It is necessary to know the socio-linguistic reality of the Philippines, since not all places are the same. It is a vast country, full of nuances. It makes much more sense to learn Spanish in Metro Manila, Cavite, Zamboanga and Cebu than anywhere else. Consequently, a special effort should be made in those areas, where there are families with a Spanish background and pupils spontaneously interested in learning the language. There are people from households where they have heard Spanish spoken and others who speak Chavacano as their native tongue and would be delighted to learn international Spanish, or for their children to learn it. Consequently, there should be a distinction between when it should be taught as a quasi-native language and when it should be taught as an international language (foreign language). Or, what amounts to the same, when to teach that ‘What’s your name’ is ‘¿Cómo te llamas?’ or, in Filipino Spanish ‘¿Cuál es tu gracia?’, because in no case should the teaching of standard Spanish entail snubbing the local linguistic varieties.

In conclusion, let us help offer alternatives to those who want to study the Spanish language or in the Spanish language. Let us grant them new opportunities for jobs, development, culture, education and individual freedom. And let us do so with resources.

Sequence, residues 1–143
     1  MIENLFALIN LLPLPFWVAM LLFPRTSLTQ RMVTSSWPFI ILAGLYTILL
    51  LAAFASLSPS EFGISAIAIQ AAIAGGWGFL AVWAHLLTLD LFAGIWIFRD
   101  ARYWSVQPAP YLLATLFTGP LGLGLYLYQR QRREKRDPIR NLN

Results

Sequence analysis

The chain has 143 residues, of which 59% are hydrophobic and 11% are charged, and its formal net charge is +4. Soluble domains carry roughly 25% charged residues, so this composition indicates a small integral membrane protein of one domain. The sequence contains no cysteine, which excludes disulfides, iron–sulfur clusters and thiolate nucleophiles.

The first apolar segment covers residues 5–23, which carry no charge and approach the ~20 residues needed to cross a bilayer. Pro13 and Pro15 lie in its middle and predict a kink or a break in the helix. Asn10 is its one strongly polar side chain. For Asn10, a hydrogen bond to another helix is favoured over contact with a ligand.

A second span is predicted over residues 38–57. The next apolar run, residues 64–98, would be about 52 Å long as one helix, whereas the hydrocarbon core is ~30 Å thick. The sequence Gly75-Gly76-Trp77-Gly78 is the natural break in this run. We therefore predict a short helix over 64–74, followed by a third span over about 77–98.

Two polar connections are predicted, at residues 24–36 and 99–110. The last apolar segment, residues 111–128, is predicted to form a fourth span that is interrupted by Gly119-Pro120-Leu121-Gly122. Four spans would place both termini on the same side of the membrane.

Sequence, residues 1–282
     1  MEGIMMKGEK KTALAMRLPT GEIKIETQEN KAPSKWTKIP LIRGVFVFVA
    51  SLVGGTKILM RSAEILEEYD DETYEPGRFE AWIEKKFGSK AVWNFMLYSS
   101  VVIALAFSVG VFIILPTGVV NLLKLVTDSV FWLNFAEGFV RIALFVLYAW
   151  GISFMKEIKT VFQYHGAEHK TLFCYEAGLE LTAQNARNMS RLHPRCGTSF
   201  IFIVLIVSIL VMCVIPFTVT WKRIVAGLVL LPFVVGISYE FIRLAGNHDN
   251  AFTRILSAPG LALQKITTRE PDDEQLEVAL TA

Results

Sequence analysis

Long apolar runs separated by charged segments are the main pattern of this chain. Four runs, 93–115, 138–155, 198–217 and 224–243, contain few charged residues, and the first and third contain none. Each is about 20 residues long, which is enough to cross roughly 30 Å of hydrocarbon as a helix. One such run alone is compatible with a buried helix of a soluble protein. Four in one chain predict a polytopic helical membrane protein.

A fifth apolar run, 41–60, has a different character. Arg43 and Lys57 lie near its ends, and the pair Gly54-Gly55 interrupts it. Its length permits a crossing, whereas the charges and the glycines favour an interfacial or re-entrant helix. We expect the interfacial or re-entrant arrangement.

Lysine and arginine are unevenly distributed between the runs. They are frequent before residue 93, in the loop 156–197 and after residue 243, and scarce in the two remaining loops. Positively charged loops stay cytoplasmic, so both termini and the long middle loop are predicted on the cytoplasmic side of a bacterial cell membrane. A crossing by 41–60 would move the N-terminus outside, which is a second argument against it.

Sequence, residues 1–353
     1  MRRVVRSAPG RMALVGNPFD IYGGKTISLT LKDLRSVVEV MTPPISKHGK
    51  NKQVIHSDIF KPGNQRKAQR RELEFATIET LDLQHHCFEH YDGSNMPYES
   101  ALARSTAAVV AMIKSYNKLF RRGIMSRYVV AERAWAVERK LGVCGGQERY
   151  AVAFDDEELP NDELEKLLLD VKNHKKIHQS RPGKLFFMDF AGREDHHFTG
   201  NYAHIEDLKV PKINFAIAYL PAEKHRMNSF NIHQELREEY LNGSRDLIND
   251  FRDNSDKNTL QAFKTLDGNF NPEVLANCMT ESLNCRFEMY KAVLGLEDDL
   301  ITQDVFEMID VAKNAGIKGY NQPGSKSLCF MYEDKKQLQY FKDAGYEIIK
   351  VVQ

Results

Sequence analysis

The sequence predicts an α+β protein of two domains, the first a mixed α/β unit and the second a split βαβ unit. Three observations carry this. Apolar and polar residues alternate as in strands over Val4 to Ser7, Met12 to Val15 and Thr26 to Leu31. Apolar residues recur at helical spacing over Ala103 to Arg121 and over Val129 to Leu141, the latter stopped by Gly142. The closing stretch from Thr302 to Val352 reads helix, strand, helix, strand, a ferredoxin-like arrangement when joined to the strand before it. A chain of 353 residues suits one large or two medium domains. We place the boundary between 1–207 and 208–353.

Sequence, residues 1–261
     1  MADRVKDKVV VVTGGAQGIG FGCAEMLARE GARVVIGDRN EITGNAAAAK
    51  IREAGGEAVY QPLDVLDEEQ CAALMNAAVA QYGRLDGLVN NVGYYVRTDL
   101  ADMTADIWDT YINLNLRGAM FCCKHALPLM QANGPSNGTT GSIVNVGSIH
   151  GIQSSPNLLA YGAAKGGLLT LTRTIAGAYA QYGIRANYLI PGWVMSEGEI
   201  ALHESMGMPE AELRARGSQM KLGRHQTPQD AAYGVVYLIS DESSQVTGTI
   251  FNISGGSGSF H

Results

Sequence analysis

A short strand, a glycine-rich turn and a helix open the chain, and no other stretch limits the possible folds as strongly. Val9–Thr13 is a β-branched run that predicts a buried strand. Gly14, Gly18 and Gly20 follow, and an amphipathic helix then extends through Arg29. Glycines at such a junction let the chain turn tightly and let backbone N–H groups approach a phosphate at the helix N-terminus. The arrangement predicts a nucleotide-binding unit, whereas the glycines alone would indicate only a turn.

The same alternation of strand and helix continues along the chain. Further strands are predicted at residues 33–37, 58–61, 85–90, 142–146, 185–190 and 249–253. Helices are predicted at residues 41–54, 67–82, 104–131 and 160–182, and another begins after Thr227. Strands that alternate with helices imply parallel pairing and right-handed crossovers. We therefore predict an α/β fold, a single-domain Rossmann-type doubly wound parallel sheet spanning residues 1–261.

Rafael Rodríguez-Ponga
Ph.D. in Linguistics and Chairman of the Spanish Association for Pacific Studies (Asociación Española de Estudios del Pacífico)Resumen en Inglés

<![CDATA[ Literature in Translation: Why is it so Difficult to Enter the Anglo-American Market? (ARI) ]]> 2008-10-13T04:32:50Z

This ARI paper explores issues relating to literature in translation and the prospects for literature written in Spanish to enter the American market.

Theme: This ARI explores issues relating to literature in translation and the prospects for literature written in Spanish to enter the American market.

Summary: Though international publishing is one of the largest and most profitable cultural industries, literary fiction and poetry in translation from languages other than English often cannot exist without subsidies in what has become a globalised, highly competitive and commercial environment. This ARI briefly outlines the public sector initiatives that exist in Europe to promote the translation and publication of literature and what other barriers exist against translated fiction, especially in the UK. It then comments on the example of Spanish publishing in the US, the new trend whereby US publishers bring out titles in English and Spanish simultaneously, instead of importing the Spanish titles from a Spanish publishing house, thus making a link with e-book technology and online publishing. In a future e-publishing industry, local publishing houses could also offer the books in different languages online, without the need to sell the e-rights to foreign publishing houses.


Literature in Translation and Initiatives to Promote it
The publishing sector is a highly commercial one, but ‘literature’ is also an art form; literature can provide readers with a unique insight into the past and present of a culture, as well as aiding the recognition of common concerns and a shared heritage, and in this way promote intercultural understanding.